USDA secrecy endangers public health
Did you run to the freezer to check the label on your socked-away package of ground turkey after hearing about the recall of Jennie-O products last week? If not, do it now. We’ll wait.
On Thursday, just a week before the traditional day of mass-scale turkey consumption, the U.S. Department of Agriculture’s Food Safety and Inspection Service issued a recall of nearly 150,000 pounds of raw ground turkey that may contain the Reading strain of salmonella bacteria. The USDA recommends that if you have one of the suspect packages, throw it out or return it to the store. Although you can cook the danger away and avoid contamination with proper handling, the USDA says, the risk from this antibiotic-resistant bacteria is too great.
Normally, the illness caused by salmonella infections is relatively minor, if unpleasant, and it passes in a few days. But in this outbreak, 63 people have been hospitalized, and one person in Cali- fornia died.
And don’t relax if the turkey or drumsticks in your fridge isn’t on the recall list. It may well be teeming with salmonella Reading. Indeed, there’s a widespread outbreak of this strain, which has been reported in whole birds and a number of other raw turkey products, and in more brands than just Jennie-O. Over the past 12 months, at least 164 people in 35 states have been infected.
Inspectors have found the same strain in samples of raw turkey products taken from 22 slaughterhouses and seven processing facilities. Which ones? We don’t know, and the USDA is not saying.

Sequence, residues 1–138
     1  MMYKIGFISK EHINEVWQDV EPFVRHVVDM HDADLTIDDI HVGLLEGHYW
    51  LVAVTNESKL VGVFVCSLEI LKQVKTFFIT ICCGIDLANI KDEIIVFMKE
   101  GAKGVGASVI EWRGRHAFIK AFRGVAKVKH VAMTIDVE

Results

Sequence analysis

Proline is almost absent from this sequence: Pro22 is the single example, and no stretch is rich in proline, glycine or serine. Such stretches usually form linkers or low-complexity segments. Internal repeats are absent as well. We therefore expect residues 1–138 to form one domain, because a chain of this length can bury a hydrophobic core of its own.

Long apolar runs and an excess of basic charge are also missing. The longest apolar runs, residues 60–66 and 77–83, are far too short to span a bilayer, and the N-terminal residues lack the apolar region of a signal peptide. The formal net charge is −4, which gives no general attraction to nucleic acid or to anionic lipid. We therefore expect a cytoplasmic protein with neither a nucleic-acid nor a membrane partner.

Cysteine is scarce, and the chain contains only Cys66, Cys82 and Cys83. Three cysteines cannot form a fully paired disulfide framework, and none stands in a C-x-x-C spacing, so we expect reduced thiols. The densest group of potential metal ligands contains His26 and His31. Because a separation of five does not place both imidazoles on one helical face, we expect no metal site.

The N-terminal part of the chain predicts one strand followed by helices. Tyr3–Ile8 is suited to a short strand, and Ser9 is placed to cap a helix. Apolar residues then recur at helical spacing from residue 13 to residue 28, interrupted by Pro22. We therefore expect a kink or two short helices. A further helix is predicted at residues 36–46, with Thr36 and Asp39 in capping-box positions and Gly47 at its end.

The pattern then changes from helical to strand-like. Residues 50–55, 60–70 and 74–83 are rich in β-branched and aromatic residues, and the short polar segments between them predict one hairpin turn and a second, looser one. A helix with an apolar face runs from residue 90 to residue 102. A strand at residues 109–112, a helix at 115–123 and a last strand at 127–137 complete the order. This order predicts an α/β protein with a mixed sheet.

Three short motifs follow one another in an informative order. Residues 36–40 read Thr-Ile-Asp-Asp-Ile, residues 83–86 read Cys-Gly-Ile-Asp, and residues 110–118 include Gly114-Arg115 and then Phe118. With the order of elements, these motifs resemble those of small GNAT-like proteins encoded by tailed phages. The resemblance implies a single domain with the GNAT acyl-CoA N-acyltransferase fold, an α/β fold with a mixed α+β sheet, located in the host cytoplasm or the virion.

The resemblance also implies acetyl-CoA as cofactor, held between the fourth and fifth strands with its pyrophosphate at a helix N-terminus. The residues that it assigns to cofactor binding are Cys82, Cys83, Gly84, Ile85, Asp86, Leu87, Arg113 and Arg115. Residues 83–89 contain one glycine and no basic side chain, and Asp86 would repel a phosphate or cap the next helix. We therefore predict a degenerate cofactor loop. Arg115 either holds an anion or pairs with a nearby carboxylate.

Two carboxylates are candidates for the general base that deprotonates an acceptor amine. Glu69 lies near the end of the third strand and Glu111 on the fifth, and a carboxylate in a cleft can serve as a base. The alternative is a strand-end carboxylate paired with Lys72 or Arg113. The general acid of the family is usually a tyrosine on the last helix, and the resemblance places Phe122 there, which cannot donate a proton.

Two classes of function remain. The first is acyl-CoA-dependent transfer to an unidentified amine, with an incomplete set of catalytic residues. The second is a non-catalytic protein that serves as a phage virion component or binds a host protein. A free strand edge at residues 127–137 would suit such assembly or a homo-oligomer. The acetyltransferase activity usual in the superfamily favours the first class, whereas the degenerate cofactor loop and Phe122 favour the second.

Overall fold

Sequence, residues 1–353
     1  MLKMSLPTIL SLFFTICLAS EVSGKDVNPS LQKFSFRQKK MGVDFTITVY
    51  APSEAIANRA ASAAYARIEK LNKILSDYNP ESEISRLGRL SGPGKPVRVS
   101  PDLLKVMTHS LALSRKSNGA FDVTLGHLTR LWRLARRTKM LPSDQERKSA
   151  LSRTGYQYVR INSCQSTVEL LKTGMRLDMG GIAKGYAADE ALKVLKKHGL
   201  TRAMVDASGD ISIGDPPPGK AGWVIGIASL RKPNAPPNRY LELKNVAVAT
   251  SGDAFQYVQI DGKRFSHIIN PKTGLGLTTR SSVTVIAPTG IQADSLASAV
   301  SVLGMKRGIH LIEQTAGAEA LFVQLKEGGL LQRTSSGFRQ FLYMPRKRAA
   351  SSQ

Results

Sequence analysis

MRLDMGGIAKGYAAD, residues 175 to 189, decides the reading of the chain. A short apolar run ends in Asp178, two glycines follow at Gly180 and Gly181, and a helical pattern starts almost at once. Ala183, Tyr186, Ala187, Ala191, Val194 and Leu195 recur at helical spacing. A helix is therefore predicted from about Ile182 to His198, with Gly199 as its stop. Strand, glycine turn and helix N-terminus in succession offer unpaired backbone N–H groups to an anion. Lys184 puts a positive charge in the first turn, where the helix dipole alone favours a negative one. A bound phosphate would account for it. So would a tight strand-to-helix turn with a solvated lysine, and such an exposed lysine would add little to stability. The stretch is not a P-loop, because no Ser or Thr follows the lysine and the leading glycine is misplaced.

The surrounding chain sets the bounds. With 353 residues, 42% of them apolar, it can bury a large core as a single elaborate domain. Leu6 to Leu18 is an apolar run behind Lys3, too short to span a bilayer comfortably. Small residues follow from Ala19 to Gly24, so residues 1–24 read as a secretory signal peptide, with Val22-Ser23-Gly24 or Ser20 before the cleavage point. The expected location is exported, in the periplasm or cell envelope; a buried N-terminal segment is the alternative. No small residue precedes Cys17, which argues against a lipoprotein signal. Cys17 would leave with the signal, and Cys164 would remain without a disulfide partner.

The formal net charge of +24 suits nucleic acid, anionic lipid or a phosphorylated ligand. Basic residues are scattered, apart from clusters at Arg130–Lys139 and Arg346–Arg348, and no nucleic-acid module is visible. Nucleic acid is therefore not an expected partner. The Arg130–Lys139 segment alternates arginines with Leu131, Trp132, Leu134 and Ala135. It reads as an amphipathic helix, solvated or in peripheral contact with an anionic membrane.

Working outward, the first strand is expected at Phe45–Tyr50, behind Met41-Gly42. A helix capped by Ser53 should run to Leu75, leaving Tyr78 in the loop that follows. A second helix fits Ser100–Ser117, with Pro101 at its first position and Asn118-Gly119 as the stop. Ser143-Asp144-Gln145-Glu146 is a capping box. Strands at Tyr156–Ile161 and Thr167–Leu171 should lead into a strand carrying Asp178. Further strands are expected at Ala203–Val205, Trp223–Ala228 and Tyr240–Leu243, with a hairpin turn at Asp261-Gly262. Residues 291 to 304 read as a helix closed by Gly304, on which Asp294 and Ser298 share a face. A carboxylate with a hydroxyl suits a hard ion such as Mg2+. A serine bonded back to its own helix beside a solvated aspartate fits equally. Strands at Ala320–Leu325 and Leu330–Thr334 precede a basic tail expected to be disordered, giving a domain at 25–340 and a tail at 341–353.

A number of consumer advocacy groups, including Consumer Reports, say this secrecy endangers public health. In a letter to Agriculture Secretary Sonny Perdue last week, the Safe Food Coalition urged the USDA to publish an urgent public health alert naming the turkey slaughterhouses and processing establishments linked to the outbreak. It seems a reasonable request, considering the scope of the outbreak, but USDA officials responded by attacking consumer groups as “special interests” making irresponsible suggestions. It’s disappointing that food safety officials view the public as a special interest best kept in the dark until a package of salmonellatainted turkey infects some unsuspecting diner.
If the USDA doesn’t want to implicate a single turkey supplier, then perhaps it ought to consider the broader approach taken by other agencies faced with serious foodborne illness outbreaks. The U.S. Food and Drug Administration, for example, reacted quickly to an outbreak of E. coli in romaine lettuce in April and within two weeks warned consumers to avoid all romaine lettuce from the entire Yuma growing region. And on Tuesday, the Centers for Disease Control and Prevention identified a second, unrelated outbreak of E. coli and warned consumers to avoid any form of romaine from any source and any location until authorities figure out where the bacteria originated, thus implicating all lettuce suppliers.